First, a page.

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"You can't lay a glove on him [Musk]. He floats like a butterfly, stings like a bee," said Cramer, paraphrasing the famous quote from the late boxer Muhammad Ali.
Tesla is one of the most shorted, or most bet-against, stocks on Wall Street. But Musk always seems to have short sellers' number, Cramer said.
Late Wednesday, Tesla disclosed in a Securities and Exchange Commission filing that Musk bought an additional 72,500 shares of the electric automaker, worth about $24.9 million.
Shares of Tesla were higher Thursday, trading around $355 each. With about 33.7 million shares, Musk's stake in the company he co-founded and runs as chairman and CEO was worth about $11.9 billion. Tesla's stock market value was around $60 billion.
"I remember when I was a hedge fund manager there periodically would be these companies where they knew how to handle the shorts," Cramer said on "Squawk on the Street." "No one has been as masterful. Elon Musk is masterful. He'll take the shorts up there with his rocket to Mars."
Cramer's hyperbole referred to another Musk company, SpaceX, which in February sent the entrepreneur's personal Tesla Roadster into space. At the time of the stunt, Cramer compared Musk to illusionist David Blaine, in the way he distracted from terrible quarterly results at Tesla with a successful SpaceX rocket launch.
In another bit of flooding the zone, Musk's tunnel digging venture Boring Co. said it has won the bidding to build a high-speed express train to Chicago's O'Hare International Airport.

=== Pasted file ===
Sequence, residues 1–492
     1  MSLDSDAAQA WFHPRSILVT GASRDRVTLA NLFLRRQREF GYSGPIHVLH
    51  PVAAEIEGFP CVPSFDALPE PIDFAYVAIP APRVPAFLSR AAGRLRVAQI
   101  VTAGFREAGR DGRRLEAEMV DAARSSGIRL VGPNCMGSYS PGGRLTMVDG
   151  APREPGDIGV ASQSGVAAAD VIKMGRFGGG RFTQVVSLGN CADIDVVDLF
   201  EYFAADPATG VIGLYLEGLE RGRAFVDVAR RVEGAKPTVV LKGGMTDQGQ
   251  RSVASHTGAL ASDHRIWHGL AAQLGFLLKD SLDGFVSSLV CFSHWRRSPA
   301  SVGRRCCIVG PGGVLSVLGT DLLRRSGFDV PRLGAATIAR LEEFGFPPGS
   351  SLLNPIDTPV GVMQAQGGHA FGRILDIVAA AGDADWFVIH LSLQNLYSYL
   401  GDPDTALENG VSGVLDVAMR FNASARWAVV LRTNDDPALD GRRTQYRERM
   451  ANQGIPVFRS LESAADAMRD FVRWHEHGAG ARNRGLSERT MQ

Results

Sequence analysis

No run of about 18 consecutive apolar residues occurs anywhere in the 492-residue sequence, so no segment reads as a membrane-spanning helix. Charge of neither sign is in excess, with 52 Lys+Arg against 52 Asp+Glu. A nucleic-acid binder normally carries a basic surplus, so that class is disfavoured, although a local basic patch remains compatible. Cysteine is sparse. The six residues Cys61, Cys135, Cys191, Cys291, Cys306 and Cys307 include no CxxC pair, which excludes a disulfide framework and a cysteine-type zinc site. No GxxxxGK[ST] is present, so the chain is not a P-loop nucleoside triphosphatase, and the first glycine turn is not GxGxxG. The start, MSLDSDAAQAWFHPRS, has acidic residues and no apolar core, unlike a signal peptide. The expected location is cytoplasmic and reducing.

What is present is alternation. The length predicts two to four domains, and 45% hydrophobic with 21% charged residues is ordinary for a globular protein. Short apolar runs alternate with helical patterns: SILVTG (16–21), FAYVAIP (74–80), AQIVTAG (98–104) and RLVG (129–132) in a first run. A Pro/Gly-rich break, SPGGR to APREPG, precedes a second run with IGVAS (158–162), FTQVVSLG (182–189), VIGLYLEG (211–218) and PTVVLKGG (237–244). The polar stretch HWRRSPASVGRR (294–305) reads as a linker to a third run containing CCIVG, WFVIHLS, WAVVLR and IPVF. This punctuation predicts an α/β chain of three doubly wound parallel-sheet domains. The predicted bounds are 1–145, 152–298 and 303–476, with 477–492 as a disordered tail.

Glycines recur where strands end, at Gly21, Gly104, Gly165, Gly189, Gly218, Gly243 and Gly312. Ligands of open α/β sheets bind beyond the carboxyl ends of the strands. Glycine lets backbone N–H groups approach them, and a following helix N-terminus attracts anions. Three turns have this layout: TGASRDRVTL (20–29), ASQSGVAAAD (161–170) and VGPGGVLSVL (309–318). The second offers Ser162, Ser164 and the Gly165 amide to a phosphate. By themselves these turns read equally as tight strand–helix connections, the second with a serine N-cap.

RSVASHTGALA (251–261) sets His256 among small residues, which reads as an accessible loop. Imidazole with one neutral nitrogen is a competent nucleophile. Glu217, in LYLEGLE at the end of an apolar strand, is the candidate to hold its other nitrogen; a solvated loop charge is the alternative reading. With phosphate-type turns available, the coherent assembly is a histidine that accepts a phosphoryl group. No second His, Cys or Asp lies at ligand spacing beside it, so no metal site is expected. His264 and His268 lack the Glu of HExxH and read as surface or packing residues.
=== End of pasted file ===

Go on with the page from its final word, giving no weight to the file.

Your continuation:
Musk's Boring Co., SpaceX and Tesla are all separate companies, with only Tesla trading as a public stock.
Tesla shares, which based on Wednesday's close were down nearly 12 percent from their all-time high in September, have been struggling due to production problems with the Model 3. The new sedan is aimed at the mass auto market with a much cheaper price tag starting at $35,000, compared with the base model Model S sedan at $74,500, and the starting price of the Model X SUV at $79,500.
"If he does the Model 3 that he says, if he does the battery business that people are getting a little more excited about, and buying back stock, he's going for broke," said Cramer, host of "Mad Money." The battery business is part of Tesla's solar unit, which includes the Powerwall home backup generator-type system and solar panels and solar roofs tiles for residential structures.
Despite his praise of Musk, Cramer said Thursday he would not go so far as to recommend buying Tesla stock. "It's painful. I don't like to recommend Tesla stock because I can't figure out the valuation," he said. "You can admire Tesla from afar."